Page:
Skeletons at the Feast
The Emmerich family has lived at Kaminheim, a beet farm and apple orchard, for generations. But when the Russian army approaches the area, the Prussian family, along with Callum Finella, a POW who was assigned to help the family during harvest and who secretly became lovers with eighteen-year-old Anna, began a difficult journey west into safer territory. Along the way, they face winter weather, starvation, illness, and malevolent enemies. Yet they also meet Manfred, a German corporal, actually Uri Singer, a German Jew who escaped a train to Auschwitz and has survived by impersonating German soldiers. His presence provides opportunities and security they otherwise would lack.
As they make their difficult trek west, so does Cecile, a French Jew, a prisoner at work camp who is evacuated with her fellow prisoners. Their guards subject them to unbelievable cruelty and privation yet Cecile maintains a positive attitude that buoys her and the women around her.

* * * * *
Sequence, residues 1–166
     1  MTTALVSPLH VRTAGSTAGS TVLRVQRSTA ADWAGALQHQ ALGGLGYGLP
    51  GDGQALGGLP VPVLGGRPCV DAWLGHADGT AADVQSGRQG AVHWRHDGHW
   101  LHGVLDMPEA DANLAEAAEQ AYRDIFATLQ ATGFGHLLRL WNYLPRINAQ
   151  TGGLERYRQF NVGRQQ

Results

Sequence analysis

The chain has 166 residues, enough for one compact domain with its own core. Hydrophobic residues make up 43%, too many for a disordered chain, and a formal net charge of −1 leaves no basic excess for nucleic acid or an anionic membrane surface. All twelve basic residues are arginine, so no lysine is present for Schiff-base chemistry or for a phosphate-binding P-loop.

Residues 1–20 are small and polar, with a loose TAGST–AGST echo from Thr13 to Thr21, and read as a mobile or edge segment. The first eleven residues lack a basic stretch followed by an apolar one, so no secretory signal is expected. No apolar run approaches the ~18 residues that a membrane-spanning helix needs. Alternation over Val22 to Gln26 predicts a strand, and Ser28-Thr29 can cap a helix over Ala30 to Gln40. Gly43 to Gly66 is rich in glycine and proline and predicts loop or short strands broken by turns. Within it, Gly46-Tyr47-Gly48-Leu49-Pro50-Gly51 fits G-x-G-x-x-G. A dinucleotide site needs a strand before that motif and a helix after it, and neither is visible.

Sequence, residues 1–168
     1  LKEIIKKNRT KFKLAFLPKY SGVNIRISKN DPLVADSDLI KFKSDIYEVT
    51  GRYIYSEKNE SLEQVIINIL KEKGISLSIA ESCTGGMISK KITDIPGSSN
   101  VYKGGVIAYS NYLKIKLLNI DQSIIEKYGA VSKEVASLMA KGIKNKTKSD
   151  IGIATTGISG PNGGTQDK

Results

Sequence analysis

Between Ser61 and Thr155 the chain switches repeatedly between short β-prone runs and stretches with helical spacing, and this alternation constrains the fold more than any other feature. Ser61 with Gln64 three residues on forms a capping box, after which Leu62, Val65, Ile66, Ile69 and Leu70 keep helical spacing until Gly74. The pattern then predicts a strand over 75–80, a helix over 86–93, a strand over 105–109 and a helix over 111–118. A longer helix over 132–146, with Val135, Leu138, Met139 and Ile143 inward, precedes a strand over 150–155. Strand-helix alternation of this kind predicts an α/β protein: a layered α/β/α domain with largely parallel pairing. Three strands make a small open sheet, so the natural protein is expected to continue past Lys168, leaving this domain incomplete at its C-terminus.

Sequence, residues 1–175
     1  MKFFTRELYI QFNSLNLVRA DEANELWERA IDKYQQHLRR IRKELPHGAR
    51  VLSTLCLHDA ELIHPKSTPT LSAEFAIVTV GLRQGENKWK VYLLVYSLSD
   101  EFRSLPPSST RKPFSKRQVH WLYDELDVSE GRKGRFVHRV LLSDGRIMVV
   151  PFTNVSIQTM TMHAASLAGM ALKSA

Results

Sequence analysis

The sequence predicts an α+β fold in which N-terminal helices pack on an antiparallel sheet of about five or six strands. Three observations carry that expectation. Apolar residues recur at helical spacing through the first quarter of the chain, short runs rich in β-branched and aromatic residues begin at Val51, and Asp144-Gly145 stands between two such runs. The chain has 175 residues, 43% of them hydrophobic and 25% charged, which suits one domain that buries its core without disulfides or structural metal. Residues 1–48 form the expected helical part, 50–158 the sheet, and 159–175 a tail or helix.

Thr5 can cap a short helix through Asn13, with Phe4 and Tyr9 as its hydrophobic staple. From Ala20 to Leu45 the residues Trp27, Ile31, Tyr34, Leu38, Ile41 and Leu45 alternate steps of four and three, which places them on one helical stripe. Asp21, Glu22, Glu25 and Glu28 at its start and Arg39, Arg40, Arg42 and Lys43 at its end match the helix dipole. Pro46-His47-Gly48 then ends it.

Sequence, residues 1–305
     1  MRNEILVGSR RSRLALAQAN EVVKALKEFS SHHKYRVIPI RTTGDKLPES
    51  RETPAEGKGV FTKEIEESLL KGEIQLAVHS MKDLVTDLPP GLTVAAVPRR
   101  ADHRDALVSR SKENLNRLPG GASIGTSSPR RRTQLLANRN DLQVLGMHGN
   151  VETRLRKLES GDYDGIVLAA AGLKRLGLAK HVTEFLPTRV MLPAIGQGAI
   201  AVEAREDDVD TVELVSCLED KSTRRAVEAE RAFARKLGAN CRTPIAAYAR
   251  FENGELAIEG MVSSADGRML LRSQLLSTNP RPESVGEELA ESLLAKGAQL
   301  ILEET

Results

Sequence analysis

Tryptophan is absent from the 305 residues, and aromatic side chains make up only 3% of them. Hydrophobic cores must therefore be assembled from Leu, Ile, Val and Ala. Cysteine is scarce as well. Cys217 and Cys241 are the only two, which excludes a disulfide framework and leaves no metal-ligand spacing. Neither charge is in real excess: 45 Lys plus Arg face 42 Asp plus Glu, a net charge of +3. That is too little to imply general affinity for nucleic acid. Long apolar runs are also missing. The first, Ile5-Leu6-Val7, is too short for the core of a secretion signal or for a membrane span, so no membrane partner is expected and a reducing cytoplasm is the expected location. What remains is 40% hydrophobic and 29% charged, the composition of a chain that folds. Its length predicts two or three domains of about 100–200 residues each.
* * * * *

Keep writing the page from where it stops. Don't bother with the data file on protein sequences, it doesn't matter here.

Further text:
The Russians, feared as barbarians, are at the heels of both groups, and the sounds of war are ever present. They pass the destruction of war: the ruined buildings, the bombed fields, the abandoned belongings. They see the too young and too old pressed into service. They wrestle with their consciences as they face unbelievable losses.
Well-written with interesting characters, Skeletons at the Feast, while joining a wealth of historical novels about World War II, offers a new perspective: that of German refugees fleeing the east for the west. Not only did the refugees have to leave their homes and belongings, they were often targeted by planes, so fleeing was almost as dangerous as staying.
I particularly liked young Theo’s relationship with animals, though hated the representations of how war affected animals, in this story, horses in particular. The historical details resonated and seemed accurate. One thing I liked less, though, was the multitude of perspectives and the frequent shifts between them.
Skeletons at the Feast is a difficult book to read because of the unrelenting cruelty and devastation it depicts, yet it is also valuable to read. I think at some level, it’s our responsibility to witness and remember the atrocities committed to prevent them from happening again. Though Bohjalian certainly takes the Germans to task over the holocaust, he doesn’t present the allies as innocent, including the destruction of Dresden in the pages. Overall, it’s a commentary against war.